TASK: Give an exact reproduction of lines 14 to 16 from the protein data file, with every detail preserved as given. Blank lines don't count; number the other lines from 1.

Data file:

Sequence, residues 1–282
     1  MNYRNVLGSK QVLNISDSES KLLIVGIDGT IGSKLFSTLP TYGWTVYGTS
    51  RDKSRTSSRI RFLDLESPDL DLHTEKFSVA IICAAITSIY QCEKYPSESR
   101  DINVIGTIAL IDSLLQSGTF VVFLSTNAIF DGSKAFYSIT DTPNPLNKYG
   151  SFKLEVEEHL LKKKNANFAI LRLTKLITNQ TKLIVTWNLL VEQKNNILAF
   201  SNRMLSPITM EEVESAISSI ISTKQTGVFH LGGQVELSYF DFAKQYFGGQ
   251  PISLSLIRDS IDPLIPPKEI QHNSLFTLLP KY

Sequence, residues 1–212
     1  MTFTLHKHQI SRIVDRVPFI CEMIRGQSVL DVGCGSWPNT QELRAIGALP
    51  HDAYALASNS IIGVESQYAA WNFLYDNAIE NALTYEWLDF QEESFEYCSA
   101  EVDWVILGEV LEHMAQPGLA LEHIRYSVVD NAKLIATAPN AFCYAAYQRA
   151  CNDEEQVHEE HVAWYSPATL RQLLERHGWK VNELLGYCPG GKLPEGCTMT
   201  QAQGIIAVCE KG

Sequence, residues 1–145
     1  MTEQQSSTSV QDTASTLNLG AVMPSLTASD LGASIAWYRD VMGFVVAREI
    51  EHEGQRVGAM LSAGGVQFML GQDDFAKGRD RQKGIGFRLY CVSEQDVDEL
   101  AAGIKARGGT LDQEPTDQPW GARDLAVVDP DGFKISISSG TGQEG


Sequence, residues 1–145
     1  MTEQQSSTSV QDTASTLNLG AVMPSLTASD LGASIAWYRD VMGFVVAREI
    51  EHEGQRVGAM LSAGGVQFML GQDDFAKGRD RQKGIGFRLY CVSEQDVDEL